This circuit shows how to use an ordinary LED as a light sensor. It makes use of the photovoltaic voltage developed across the LED when it is exposed to light. LEDs are cheaper than photodiodes and come with a built-in filter, which is useful when the application involves colour discrimination. The photo-voltage of a red LED (its bandgap voltage) is typically about 2V. The source impedance of this voltage is about 800MΩ in daylight, rising to infinity in darkness. A TL071 JFET input op amp is used to amplify and buffer this extremely high impedance signal.
Resistor R1 ensures that the op amp "sees" a 0V input when the LED is in total darkness. To avoid undue loading of the signal, R1 would ideally be a 100MΩ or larger resistor but since such high values are rare and expensive I used a smaller value and increased the gain of the op amp to compensate for the voltage loss. To avoid the need for a second variable resistor to set the op amp’s input offset to zero, R1 must be large enough for the reduced voltage across the LED to swamp the op amp’s input offset voltage. With a 30MΩ resistor for R1, the voltage at the op amp input when the LED is exposed to bright light is reduced to about 60mV.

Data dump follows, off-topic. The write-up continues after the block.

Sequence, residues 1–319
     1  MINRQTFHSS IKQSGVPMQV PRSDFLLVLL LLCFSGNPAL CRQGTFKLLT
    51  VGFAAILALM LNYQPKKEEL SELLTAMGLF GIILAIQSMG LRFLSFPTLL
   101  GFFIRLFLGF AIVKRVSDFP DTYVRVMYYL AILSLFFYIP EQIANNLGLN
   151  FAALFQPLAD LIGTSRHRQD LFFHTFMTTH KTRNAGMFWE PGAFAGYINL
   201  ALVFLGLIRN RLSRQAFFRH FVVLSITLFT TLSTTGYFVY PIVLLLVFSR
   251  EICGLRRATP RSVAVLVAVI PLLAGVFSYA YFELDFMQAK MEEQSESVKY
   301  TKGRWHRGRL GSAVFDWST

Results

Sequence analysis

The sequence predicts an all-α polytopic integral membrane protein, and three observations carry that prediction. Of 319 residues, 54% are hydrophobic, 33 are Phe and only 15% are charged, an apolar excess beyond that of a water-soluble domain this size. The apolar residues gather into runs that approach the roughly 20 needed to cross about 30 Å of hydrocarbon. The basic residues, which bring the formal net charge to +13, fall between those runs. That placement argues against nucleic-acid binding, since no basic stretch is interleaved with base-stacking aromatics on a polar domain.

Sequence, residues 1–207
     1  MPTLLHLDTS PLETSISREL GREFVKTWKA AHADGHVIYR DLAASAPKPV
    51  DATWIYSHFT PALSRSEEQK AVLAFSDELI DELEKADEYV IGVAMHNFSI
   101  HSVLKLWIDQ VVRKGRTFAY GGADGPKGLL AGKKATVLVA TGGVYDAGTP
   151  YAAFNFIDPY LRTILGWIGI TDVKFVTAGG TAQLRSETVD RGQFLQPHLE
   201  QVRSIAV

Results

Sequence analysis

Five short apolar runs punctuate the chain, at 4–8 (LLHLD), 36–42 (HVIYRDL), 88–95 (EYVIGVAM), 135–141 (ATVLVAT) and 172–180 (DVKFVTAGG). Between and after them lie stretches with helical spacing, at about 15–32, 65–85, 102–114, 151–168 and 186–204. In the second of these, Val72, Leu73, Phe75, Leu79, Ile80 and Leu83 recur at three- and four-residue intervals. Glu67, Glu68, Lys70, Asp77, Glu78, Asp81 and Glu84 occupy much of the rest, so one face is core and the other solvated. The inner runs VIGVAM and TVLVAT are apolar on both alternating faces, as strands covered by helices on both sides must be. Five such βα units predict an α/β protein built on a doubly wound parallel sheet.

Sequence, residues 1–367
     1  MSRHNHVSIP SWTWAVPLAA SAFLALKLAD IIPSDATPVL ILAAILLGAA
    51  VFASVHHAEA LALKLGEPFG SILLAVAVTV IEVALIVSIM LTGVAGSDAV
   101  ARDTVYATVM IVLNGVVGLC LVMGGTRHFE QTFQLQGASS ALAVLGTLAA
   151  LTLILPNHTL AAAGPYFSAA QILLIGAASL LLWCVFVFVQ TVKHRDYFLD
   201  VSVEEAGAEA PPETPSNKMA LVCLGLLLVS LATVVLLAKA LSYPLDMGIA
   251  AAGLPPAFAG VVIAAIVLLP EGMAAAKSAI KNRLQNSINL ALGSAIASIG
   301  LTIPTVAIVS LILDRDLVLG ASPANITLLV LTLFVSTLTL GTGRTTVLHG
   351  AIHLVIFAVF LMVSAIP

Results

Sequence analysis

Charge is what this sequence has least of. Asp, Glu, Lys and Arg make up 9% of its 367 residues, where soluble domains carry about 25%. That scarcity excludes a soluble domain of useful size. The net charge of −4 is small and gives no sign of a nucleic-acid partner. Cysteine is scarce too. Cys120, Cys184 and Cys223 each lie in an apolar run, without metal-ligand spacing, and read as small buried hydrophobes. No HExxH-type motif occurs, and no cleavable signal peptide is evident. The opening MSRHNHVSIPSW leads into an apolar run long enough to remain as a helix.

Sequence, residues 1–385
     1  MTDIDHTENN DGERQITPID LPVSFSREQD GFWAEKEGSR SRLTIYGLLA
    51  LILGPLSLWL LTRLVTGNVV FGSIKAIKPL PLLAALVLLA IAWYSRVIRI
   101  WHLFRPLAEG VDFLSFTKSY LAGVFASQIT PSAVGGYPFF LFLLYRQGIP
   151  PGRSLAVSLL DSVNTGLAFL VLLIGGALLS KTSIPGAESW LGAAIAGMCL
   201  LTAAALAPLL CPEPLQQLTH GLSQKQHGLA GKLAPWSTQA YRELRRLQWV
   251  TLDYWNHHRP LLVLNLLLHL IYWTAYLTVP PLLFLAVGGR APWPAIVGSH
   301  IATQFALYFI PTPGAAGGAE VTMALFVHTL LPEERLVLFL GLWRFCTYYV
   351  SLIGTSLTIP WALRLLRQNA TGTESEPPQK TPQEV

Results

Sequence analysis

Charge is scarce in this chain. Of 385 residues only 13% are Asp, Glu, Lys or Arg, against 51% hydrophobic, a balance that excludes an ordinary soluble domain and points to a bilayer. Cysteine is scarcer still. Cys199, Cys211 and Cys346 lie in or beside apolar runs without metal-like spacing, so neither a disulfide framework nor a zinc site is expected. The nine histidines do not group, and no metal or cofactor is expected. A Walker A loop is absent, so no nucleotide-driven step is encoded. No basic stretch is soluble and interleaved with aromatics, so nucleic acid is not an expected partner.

This is just over four times the 13mV maximum input offset of the TL071 op amp. R1 can be three 10MΩ resistors in series. Alternatively, I have found that a reverse-biased 1N4148 diode has an impedance of about 30MΩ (connect it in the circuit with the anode to ground). The output of the circuit is about 0V when the LED is in darkness. VR1 sets the gain of the op amp and it should be adjusted to give the required output voltage when the LED is exposed to bright light.
author: Andrew Partridge, Silicon Chip
circuit from http://www.extremecircuits.net/2010/05/using-led-as-light-sensor.html